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Timely Gloomy Return (Part of the Dark Aether Saga)

Fri Oct 7 ….

I have returned home. Apparently my return was well timed. I had laid out numerous preparations and had planned to retreat to safety during the seasonal outbreak I had heard that New Babbage was subject to. Once the infection reached its apex, I had planned to then sally forth to lend my services to those afflicted. As Gretchen floated gently into the Port area, I could see the diminishing glow of chaos spent in various parts of the city. Here and there were dwindling snarls and cries of antidote syringes. However, the general panic associated with these outbreaks seemed to have abated. Upon landing, a poorly pasted poster informed me that apparently these defiant citizens had scoffed at danger and actually held several public social gatherings. Ahhh, I remember such youthful and naive hubris. Will they ever learn in time? I must remember to hold a few public courses on hygiene.

Gretchen creaked as I turned her toward Clockhaven. My short lived comfort shrank back into the gloomy smog of my recollections. The trip had been marked by this foul mood. There was nothing for it. Although my absence had saved me the worry of whether my fortifications would hold against a zombie attack, it had utterly failed to save my client. They were dead. Those who were not, soon would be.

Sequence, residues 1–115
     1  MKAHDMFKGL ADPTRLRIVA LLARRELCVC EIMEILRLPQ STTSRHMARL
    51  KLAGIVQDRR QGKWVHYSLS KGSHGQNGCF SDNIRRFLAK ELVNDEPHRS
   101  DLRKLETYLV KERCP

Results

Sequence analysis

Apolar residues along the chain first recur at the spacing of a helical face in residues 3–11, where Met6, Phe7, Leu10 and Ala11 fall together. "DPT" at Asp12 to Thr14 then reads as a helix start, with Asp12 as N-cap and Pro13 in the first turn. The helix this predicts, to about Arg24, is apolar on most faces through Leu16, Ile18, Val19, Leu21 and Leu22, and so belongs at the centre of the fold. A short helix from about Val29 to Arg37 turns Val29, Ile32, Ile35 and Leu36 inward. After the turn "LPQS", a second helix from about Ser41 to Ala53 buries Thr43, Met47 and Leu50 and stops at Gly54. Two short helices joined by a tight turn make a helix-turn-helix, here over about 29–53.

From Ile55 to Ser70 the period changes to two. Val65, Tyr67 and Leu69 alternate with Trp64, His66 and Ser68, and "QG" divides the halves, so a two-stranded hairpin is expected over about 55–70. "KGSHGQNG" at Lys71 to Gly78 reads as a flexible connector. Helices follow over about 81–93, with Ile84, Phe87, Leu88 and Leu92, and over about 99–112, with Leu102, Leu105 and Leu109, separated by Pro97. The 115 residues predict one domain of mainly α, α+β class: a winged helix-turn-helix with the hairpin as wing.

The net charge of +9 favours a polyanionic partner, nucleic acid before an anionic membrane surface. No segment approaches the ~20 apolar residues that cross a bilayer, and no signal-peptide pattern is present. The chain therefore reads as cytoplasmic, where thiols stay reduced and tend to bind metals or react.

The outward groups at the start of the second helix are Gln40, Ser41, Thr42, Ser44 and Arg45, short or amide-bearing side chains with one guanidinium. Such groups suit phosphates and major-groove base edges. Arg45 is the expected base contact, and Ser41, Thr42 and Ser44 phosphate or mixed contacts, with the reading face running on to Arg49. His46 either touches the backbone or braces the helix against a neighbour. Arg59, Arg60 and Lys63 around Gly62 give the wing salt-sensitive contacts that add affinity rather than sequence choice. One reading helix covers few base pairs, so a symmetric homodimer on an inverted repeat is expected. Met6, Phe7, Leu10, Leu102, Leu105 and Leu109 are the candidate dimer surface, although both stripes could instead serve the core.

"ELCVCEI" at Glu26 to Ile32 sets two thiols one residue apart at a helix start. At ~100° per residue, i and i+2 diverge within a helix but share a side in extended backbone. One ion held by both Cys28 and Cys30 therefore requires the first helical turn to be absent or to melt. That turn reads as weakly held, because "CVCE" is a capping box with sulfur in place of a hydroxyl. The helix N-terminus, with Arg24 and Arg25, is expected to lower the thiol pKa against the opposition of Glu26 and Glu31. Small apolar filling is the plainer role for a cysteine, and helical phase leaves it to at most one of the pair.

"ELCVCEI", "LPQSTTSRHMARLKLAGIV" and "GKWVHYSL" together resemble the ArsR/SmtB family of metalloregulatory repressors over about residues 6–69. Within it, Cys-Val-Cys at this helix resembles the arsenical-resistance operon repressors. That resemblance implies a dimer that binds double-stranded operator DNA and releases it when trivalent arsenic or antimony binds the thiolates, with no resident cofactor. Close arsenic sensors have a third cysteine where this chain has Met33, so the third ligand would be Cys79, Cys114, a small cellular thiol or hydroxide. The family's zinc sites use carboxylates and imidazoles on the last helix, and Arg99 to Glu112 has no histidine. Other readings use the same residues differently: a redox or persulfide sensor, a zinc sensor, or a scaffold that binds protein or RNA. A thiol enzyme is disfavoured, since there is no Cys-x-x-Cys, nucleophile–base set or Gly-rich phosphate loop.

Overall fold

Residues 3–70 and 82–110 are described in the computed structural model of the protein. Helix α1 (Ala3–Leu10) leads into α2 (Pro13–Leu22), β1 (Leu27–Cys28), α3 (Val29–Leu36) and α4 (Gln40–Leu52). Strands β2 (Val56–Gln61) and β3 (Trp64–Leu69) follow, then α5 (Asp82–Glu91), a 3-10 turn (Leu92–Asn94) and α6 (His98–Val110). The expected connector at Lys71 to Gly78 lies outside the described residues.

It was not the illness which had killed them. Their madness was to blame for that. How I had hoped that upon my return to Smyrna I would find their health improved! It had appeared to be doing so before my short trip back to Clockhaven. I remember discussing with Ms. Comeford my hopes that the tide of illness might be changing. I should have known better. The fact that three quarters of their leadership had passed during my initial visit warranted further investigation. Unfortunately, my assistants, the Sisters and myself were too busy tending to those remaining to mount a thorough investigation at the time. By the time things began to calm down I had barely the stamina to return home for a brief visit.

Once business at home had been tended to and I had replenished my medical supplies and my energy, I had set off for Smyrna again. Unlike my earlier arrival, the harbor was almost empty this time. A fetid stillness hung over the ancient city, like the breathless air from a lamia’s lungs. Arriving back at the make-shift hospital, I saw far fewer occupied beds. I also saw far fewer of my assistants. A weary, red-eyed Sister shuffled along a wall near the entrance. She looked silently up at me with those sorrow swollen eyes in response to my inquiry. After a moment she turned her eyes down and quietly told me of the secondary outbreak – and the death of the Mother Superior. She responded to no further questions, but slowly turned and began shuffling away with a low, mournful Ave Maria on her lips as she pushed another bead of her rosary through her old fingers.